The first description of a syndrome of acute respiratory distress following trauma or severe hypovolemic shock appeared in 1967; this report emphasized the presence of tachypnea, severe hypoxemia related to an intrapulmonary shunt, decreased lung compliance, and diffuse bilateral infiltrates. The definition of acute respiratory distress syndrome (ARDS) was initially based on clinical criteria. Use of Murray's scoring system followed, and a standardized definition was applied from 1994 onwards. Under this system, ARDS is the most severe form of acute lung injury. Table 1. summarizes the principal elements of this definition (B.§ID§[d.„..§.La/: 1994).
Table 1 Major elements of the definition of acute lung injury and ARDS
The factors inciting ARDS can be categorized as either direct or indirect pulmonary insults ( Table, ..2). Infections, trauma, and aspiration of gastric contents are responsible for 70 to 80 per cent of cases. The incidence increases in the presence of several etiological factors and/or concomitant pulmonary pathologies.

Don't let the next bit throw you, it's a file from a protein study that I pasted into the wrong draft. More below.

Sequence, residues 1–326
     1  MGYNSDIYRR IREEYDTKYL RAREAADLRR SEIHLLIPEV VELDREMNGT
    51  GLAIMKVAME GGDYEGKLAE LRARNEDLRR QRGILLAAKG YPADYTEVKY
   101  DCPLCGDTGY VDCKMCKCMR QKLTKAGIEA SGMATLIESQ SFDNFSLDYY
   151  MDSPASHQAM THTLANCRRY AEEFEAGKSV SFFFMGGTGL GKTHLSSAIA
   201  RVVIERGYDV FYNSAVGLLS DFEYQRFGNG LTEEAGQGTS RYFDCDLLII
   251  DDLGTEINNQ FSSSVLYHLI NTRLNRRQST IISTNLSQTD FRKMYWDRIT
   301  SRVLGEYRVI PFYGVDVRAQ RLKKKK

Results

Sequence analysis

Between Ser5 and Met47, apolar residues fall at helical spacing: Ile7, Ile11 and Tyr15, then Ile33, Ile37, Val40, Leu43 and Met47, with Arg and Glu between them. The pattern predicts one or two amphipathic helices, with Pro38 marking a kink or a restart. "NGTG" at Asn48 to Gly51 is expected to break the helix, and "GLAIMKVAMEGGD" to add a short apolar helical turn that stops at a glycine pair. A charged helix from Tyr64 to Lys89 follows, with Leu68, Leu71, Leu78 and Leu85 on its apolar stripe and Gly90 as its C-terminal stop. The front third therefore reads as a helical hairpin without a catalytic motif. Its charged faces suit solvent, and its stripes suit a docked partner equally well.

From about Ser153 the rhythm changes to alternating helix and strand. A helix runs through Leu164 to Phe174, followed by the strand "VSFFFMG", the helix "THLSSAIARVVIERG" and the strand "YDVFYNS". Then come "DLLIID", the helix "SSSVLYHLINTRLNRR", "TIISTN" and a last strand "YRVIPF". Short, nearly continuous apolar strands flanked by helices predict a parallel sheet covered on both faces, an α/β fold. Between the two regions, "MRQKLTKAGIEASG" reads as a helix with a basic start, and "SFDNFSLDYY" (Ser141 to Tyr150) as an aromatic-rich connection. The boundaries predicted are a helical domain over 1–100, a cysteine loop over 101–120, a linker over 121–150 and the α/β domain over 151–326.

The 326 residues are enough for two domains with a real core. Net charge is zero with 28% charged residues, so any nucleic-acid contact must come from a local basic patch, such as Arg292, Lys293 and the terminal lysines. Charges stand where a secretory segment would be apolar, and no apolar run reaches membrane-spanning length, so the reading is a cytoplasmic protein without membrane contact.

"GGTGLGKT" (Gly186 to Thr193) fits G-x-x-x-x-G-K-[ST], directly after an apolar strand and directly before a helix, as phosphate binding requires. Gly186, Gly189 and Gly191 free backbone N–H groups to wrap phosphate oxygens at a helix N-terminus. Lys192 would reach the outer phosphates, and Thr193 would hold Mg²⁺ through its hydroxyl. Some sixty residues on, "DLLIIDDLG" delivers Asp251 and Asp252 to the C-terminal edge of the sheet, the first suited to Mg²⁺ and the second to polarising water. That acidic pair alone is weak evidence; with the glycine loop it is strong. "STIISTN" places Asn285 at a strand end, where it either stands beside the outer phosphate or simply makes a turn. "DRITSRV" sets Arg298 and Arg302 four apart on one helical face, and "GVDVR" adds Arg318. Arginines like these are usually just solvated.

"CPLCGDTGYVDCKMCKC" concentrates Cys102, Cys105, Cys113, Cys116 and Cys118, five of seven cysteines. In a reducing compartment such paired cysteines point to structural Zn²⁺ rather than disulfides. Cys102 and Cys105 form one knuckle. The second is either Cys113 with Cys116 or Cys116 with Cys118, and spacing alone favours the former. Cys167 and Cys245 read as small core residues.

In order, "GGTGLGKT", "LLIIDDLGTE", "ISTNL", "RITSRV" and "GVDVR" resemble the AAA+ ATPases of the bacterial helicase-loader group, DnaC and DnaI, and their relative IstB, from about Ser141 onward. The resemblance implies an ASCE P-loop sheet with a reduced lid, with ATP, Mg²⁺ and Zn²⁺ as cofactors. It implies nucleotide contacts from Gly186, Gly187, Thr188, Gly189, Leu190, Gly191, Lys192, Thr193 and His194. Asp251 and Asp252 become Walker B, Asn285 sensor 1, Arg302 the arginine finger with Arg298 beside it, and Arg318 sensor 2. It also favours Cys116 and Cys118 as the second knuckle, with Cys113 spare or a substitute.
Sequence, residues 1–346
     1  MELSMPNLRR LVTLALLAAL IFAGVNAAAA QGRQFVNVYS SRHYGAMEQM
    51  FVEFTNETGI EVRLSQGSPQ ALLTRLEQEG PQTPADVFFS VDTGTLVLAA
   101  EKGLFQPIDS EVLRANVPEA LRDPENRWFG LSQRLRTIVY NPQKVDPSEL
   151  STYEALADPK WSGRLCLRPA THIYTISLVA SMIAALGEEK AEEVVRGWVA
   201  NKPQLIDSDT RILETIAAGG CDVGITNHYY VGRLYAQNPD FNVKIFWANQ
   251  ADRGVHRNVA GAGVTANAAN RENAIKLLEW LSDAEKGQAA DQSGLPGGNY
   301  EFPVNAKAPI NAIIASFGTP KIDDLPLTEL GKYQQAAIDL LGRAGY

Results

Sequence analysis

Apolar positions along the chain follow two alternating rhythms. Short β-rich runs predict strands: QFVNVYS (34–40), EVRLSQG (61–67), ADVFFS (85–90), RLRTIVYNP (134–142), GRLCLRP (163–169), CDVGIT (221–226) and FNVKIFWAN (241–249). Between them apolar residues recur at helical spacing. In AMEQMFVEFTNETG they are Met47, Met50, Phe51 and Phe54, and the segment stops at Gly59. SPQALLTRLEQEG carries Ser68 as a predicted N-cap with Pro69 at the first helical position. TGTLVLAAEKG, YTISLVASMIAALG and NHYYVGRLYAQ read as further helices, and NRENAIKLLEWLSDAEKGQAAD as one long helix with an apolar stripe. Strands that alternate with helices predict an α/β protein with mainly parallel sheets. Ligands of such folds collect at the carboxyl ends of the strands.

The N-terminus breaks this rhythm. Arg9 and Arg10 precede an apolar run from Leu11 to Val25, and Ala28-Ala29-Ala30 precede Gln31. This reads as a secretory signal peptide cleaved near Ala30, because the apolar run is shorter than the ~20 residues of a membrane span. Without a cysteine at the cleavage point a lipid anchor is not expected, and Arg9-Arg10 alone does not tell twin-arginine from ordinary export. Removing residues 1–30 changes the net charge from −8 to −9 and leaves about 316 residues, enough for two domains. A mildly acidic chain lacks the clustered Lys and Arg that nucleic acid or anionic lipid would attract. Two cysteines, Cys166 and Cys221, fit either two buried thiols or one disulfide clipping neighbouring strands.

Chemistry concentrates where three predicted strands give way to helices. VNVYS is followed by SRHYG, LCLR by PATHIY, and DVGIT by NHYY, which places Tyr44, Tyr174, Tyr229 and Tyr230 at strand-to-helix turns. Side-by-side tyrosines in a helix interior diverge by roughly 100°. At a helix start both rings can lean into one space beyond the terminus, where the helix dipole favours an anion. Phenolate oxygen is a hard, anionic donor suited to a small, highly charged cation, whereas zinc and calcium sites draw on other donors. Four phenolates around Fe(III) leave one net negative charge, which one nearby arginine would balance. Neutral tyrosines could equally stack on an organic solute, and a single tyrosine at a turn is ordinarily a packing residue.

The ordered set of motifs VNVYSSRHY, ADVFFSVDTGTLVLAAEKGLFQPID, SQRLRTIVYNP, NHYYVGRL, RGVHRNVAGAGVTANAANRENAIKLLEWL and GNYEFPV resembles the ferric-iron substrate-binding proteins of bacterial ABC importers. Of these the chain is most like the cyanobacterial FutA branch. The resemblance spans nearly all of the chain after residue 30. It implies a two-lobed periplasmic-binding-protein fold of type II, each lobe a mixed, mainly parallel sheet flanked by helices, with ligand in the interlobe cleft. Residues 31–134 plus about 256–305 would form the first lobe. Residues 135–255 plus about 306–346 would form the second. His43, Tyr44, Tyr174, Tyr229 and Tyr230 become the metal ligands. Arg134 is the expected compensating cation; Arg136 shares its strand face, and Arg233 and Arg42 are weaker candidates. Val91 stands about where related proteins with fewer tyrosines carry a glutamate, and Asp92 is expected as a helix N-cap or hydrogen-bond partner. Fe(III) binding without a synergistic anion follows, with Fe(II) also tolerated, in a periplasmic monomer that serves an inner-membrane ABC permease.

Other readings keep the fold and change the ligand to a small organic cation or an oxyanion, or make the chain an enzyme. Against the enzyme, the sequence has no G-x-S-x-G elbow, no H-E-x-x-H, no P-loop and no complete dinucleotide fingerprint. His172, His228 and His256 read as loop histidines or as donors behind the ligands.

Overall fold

The mortality associated with ARDS has been approximately 50 per cent from the 1970s until recently, with individual studies reporting variations from 10 to 90 per cent (Krafft ef a/ 1996). These variations are apparently due to differences in underlying pathological processes, presence of infections, and existence of multiple organ failure, and are not related to the PaO^/FiO2 ratio or the 'lung injury score'. However, recent studies appear to indicate decreases in mortality ( Milberg etaj
1995), particularly for trauma-associated ARDS.
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